Bridging The Gap: Urban Agricultural Architecture

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Human settlements have always relied on food, clothing, and shelter, food is one of the most important survival entities. As the culture started evolving and settlements grew, naturally, agriculture became the prime factor around which the settlements concentrated. Fast forward to the 21st century, our population is on an alarming 7.8 billion, we have reached a point where the survival necessities demand to be revised and our cities need to be reimagined accordingly. The architectural approach towards Agriculture is an attempt to get the modern world a step closer to nature!

How does Architecture help in solving the problem?

Traditional farming needs horizontal space to cultivate and conserve the practices that go into feeding its target population. All major cities have agricultural land concentrated around them which continuously helps in covering their food requirements.  By understanding the decreasing rate of available land, resources, and labor, vertical farming can be incorporated in our urban areas as an engaging activity.

Urban Agricultural Architecture or UAA is explaining to us ways in which self-sustained agricultural practices can be used in our urban areas. All Utopian ideologies in Architecture have a dedicated perspective towards agriculture and provide solutions for overcoming food shortage and its safety. These ideas need to be studied and applied in our current Architecture so as to create awareness and promote self-sustaining cities.

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  1. Introduce full capacity Vertical farming towers:

There are Architectural design theories that explain many ways to turn our unused niches in the cities into vertical gardens. These Gardens grow basic domestically required foods that will primarily feed the local population. There are various techniques to achieve these farms. Vertical farming either uses hydroponics or aeroponics, which reduces the amount of water used and soil required eventually reducing the load on the vertical structure.  Today, it may be hard to imagine dedicated multi-storied towers for farming and food production in our cities, but it is the need of the future urban areas.

  1. Converting building facades into vertical gardens:

There are many empty facades that cover our commercial and residential buildings literally serving no purpose in aesthetic or functional value in urban fabrics. Introducing vertical farming to grow plants that can feed the people accommodating the building is an innovative idea that is gaining attention today. Individual balconies can be designed to access these facades on individual floors and to maintain these vertical gardens.

  1. Joint terrace farming:

Terrace gardens have been into the discussion for years now! There is an urgent need to think about converting our urban terraces to serve a purpose more important than just viewing points! Stacked trays of locally grown plants on the terraces will help in both, feeding the inhabitants and practical learning for the children.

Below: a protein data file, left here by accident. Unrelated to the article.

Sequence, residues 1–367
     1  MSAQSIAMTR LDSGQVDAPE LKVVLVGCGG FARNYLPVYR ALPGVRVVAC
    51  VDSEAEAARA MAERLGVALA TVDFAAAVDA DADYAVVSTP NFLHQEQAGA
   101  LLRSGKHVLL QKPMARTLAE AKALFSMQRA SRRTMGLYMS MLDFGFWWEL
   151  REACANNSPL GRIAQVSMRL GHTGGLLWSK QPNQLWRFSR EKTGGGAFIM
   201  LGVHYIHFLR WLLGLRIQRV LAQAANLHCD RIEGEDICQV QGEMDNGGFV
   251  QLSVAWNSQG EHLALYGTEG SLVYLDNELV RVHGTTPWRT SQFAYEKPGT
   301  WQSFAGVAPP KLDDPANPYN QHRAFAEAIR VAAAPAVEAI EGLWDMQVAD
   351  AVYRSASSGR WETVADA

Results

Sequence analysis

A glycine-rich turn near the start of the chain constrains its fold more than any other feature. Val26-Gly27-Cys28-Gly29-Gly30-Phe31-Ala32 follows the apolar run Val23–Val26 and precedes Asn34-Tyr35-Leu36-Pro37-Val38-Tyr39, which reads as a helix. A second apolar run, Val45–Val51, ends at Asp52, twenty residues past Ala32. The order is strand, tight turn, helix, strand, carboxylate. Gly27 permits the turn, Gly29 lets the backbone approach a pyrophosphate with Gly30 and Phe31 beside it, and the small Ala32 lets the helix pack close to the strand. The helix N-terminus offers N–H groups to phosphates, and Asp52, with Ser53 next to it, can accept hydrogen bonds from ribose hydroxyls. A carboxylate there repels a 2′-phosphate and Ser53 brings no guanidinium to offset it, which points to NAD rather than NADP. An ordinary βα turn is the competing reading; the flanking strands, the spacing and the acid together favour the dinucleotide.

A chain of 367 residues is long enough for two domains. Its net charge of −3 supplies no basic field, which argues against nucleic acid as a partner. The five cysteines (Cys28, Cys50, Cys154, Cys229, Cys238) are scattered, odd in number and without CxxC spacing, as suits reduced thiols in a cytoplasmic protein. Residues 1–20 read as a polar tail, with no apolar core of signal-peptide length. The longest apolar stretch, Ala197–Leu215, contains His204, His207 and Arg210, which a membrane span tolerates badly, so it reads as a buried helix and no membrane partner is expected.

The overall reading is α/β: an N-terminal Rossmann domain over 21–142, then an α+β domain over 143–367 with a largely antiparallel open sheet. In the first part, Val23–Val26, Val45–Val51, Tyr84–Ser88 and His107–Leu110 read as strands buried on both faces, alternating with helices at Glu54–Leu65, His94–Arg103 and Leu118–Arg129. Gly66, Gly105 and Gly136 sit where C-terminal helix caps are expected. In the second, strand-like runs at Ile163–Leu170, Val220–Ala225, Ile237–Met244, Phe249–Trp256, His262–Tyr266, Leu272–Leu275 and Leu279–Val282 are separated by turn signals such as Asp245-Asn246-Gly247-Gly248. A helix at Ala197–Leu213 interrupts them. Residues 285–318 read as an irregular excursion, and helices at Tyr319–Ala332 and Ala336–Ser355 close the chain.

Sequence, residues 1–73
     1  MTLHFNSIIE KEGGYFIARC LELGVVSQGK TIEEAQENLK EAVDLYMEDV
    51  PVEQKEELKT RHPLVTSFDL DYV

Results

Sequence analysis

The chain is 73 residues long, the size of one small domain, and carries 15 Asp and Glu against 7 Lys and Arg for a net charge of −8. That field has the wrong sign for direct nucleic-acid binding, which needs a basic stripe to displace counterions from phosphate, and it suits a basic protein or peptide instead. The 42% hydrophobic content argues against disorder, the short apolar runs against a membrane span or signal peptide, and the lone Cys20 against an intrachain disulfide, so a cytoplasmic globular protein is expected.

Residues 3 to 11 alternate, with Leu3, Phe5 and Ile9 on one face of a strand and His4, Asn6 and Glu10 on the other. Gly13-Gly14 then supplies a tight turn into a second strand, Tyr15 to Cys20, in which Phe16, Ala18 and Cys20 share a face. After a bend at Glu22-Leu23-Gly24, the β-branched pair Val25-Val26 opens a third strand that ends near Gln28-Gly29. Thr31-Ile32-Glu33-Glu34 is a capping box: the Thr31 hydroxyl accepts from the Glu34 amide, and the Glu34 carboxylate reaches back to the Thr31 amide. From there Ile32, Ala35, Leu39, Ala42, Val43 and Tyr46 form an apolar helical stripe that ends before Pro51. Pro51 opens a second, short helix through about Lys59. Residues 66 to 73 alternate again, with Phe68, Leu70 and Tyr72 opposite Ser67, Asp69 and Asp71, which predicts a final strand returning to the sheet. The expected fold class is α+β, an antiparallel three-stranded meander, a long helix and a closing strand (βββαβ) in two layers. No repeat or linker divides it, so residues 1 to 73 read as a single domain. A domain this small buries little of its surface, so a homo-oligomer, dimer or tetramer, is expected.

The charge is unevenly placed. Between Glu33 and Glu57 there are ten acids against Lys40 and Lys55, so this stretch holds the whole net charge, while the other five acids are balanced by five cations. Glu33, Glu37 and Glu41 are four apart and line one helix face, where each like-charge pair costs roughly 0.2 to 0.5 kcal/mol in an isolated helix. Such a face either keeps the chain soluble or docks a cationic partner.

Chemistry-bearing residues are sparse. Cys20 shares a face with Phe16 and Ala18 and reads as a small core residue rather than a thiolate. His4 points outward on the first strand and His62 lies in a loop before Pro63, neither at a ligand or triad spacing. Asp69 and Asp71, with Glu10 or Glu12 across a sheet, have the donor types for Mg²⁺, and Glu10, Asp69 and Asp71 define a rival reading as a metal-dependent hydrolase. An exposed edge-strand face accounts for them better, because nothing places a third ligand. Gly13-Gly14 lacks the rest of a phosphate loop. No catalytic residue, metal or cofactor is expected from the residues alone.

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  1. Adaptive Reuse:

The existing urban buildings can adapt to the technology and system of growing our own food. There are many plants that can grow in indoor temperatures and living conditions. Residential complexes, commercial centers, and restaurants can calculate their food intake within a time frame and plan their gardens accordingly in balconies and terraces. This will ensure low food wastage and awareness in people. This is a step towards sustainable and systematic development.

Advantages of introducing Agriculture in Urban Areas:

  1. Incorporating maximum green terrace gardening and vertical farming in cities will automatically reduce the rising urban temperature and also build a bridge between people and nature within the city boundaries. These will be the spaces where people would interact as well as work together towards a collective goal.
  2. Increased number of plants means increased air quality and green spaces. These will allow people of the cities to step outside and enjoy their time in nature!
  3. The unused spaces in the city will serve a purpose and can be accommodated for growing the local food. This will ensure the safe use of the neglected areas and increased environmental conditions of the surrounding areas.
  4. Building greenhouses on the deserted open grounds will connect these spaces back with the city. They could be a part of local school projects or be an income source for the local community.

Agricultural modules in Architectural fabrics are being experimented by all designers in ways like stepped gardens, modular vertical gardens, and super-farms. It is modern, easy and utilizes less energy to grow maximum food supplies in minimum spaces!

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ANKITA SHIMPI
ANKITA SHIMPI
Ankita Shimpi is an Architect and takes interest in Art, Design and Content Writing. She believes in Exploring and Understanding various aspects of Architecture and technology. Now, being a content writer with Blarrow.tech, she aspires to share her research and knowledge ranging from Architectural theory, history, technologies and Building materials with all of you!

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